Calling China’s champions for global health
Earlier this year at the World Economic Forum, President Xi Jinping delivered a hearty defense of globalization. To people following world affairs for the last few decades this should not have come as a surprise. It is well known that China is the world’s second-largest economy and a global force in manufacturing and trade. What is less well known is that China has taken on increasingly critical roles in global health and development, which it views as necessary to sustain and accelerate global economic growth.
This week, as leaders converge on Dalian, Northeast China’s Liaoning province, for the World Economic Forum’s Annual Meeting of the New Champions, globalism needs another kind of Chinese champion – its private sector innovators.
China is in the midst of a technology revolution. Home to more electric cars than anywhere in the world, its enterprises are driven by the energy of its enormous market and a fierce competition to innovate products. China started the shared-bike revolution that is transforming urban transportation in cities. WeChat Wallet has been a boon for the e-pay market, linking services in every imaginable sector. This is good news for not only the Chinese economy, but also global health. Innovation that responds to specific consumer/patient needs is precisely what is needed to help save millions of lives.
China’s contribution to global health and development is focused on the health sector. For decades Chinese physicians and medical specialists have been working in developing countries, most recently in the World Health Organization-certified Emergency Medical Teams formed to respond to health emergencies. It has helped finance and build large-scale infrastructure projects – roads, hospitals and healthcare centres – and it is sharing its experiences with other countries in building a strong health surveillance and monitoring system.
Recently, China’s private sector has ramped up its participation. Four years ago, China entered the global vaccine market with a Japanese encephalitis vaccine, the country’s first to be pre-qualified by the WHO. Other Chinese vaccines are in the pipeline to be pre-qualified by WHO, including an inactivated polio vaccine — essential in the endgame strategy to eradicate polio and for which there is a global shortage.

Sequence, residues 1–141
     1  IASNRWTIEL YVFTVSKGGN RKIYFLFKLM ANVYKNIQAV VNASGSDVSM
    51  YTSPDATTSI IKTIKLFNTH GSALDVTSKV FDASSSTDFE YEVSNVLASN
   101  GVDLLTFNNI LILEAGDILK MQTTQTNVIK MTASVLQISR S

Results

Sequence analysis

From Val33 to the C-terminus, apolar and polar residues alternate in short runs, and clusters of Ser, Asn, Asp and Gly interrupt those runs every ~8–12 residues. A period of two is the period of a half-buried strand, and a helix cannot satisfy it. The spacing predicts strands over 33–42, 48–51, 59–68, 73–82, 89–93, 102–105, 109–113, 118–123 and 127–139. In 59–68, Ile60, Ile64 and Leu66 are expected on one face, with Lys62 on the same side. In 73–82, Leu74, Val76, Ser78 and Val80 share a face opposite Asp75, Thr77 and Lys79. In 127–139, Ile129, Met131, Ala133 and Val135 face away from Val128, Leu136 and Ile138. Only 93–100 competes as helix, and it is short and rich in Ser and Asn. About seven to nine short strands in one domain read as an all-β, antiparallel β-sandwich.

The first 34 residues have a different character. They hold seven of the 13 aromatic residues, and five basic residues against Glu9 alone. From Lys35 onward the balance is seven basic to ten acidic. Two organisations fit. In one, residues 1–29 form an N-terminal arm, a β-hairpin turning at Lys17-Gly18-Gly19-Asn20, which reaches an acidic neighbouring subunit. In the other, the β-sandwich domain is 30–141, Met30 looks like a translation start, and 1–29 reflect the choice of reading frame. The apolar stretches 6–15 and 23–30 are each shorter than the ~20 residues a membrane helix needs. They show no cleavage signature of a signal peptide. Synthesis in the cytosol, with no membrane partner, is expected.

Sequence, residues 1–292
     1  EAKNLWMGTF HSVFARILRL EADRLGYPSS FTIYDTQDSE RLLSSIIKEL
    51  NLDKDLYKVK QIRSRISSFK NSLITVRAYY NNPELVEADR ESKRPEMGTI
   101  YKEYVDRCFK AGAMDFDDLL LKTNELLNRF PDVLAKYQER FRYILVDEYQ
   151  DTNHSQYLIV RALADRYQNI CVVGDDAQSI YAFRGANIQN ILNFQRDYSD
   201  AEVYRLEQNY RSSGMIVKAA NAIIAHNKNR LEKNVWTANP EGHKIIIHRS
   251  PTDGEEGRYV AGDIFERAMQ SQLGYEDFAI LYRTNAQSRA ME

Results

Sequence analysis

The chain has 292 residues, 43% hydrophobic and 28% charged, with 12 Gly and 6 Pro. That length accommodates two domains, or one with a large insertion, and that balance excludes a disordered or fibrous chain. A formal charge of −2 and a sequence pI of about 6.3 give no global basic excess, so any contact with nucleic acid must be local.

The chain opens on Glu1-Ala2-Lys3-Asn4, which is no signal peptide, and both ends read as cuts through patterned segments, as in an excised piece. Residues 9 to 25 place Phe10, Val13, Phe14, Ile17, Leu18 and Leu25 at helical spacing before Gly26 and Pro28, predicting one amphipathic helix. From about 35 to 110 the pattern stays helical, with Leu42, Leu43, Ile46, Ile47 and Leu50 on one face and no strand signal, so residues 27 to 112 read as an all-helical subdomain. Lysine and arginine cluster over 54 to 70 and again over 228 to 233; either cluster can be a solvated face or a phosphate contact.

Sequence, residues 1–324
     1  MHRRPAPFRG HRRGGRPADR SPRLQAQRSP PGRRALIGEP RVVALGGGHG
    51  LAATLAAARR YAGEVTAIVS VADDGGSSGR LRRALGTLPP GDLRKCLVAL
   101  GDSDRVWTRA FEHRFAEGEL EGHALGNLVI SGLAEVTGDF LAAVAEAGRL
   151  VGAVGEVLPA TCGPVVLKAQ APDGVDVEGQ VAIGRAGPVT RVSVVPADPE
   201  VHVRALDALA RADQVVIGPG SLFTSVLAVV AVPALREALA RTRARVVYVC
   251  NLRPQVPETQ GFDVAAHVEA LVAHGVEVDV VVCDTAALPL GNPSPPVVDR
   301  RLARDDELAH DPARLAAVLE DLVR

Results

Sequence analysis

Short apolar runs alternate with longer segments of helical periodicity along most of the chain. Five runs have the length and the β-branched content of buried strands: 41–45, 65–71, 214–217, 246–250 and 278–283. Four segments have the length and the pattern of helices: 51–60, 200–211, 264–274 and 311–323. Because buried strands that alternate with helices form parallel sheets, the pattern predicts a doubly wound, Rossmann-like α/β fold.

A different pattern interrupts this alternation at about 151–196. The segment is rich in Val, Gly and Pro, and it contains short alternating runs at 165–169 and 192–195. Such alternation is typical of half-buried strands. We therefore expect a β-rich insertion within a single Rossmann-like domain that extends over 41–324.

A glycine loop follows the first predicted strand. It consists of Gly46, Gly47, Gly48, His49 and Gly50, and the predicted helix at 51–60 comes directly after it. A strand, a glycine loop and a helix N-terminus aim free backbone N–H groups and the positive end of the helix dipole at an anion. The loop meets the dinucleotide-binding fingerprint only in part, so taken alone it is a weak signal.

In January, President Xi met with the WHO director general in Geneva to sign an agreement to radically improve access to healthcare beyond China through the Belt and Road Initiative.
One of the biggest challenges is how to improve the delivery of healthcare interventions, such as vaccines, by connecting high-impact innovations with the countries that need them the most. Organizations like WHO, UNICEF and Gavi, the Vaccine Alliance, have already made huge progress in improving access to health services and reached a stage where 81 percent of infants in developing countries are receiving routine immunization. This has helped halve childhood mortality. Yet 1.5 million children below five years of age still die of highly preventable diseases every year, because 19 million children lack access to vaccines.
Addressing this inequity means finding novel ways to bring vaccines to hard-to-reach children and filling the gaps within health systems, supply, data and infrastructure. To do this, we need innovative solutions, such as drones. The majority of civilian drones in the world are developed and produced in China, making China the leader in this technology. While primarily aimed at the consumer market, there is huge scope for this technology to be used for more humanitarian purposes.
In Rwanda, for example, a nationwide autonomous drone-based delivery system was launched last year, which delivers emergency supplies of blood from a central distribution center in the capital, Kigali, to rural districts. Now, a mother haemorrhaging during childbirth can have the life-saving blood within 20 minutes, instead of waiting hours for a motorcycle delivery. Developed as part of a partnership between US drone company Zipline, the Rwandan government, UPS and Gavi, the plan is to eventually extend this to deliver vaccines, too.
Drones are just one example. Another is Aucma, a Chinese innovator that developed the Arktek portable passive cold storage device, which can maintain temperatures as low as -80 Celsius without any power and which proved essential in transporting the Ebola vaccine during the outbreak of the disease in West Africa.
Given the diverse and vibrant nature of China’s private sector ecosystem, it is likely many more potential solutions are waiting to be found. From data systems to mobile phone-based technologies, the opportunity is to turn China’s innovation champions into global health champions. And that is a global trade system we should all support.
Seth Berkley is CEO of Gavi, the Vaccine Alliance, and Bernhard Schwartländer is World Health Organization representative in China.